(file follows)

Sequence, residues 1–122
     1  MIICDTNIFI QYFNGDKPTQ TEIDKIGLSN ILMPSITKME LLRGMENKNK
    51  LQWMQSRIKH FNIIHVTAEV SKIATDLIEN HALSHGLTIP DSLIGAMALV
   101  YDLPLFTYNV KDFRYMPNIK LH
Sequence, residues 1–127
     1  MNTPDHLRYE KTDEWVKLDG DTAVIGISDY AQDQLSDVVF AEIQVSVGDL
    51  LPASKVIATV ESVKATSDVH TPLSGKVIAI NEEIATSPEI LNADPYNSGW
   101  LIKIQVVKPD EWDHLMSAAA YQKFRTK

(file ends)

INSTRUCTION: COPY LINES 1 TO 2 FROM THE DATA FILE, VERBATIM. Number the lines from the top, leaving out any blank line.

Sequence, residues 1–122
     1  MIICDTNIFI QYFNGDKPTQ TEIDKIGLSN ILMPSITKME LLRGMENKNK